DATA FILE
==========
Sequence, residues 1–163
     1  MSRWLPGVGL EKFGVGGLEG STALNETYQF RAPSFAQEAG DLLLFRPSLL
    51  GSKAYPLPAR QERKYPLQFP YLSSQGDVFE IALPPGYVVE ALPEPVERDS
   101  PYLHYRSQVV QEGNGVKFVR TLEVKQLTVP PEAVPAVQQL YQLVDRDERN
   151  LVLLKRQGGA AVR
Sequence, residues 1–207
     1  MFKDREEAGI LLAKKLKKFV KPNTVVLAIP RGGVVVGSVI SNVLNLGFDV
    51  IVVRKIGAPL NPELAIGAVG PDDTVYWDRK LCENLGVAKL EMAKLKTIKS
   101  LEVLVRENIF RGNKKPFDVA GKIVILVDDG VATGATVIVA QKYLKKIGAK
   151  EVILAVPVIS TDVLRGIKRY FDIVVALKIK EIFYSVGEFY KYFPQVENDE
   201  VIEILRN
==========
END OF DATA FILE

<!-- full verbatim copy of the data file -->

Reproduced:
Sequence, residues 1–163
     1  MSRWLPGVGL EKFGVGGLEG STALNETYQF RAPSFAQEAG DLLLFRPSLL
    51  GSKAYPLPAR QERKYPLQFP YLSSQGDVFE IALPPGYVVE ALPEPVERDS
   101  PYLHYRSQVV QEGNGVKFVR TLEVKQLTVP PEAVPAVQQL YQLVDRDERN
   151  LVLLKRQGGA AVR
Sequence, residues 1–207
     1  MFKDREEAGI LLAKKLKKFV KPNTVVLAIP RGGVVVGSVI SNVLNLGFDV
    51  IVVRKIGAPL NPELAIGAVG PDDTVYWDRK LCENLGVAKL EMAKLKTIKS
   101  LEVLVRENIF RGNKKPFDVA GKIVILVDDG VATGATVIVA QKYLKKIGAK
   151  EVILAVPVIS TDVLRGIKRY FDIVVALKIK EIFYSVGEFY KYFPQVENDE
   201  VIEILRN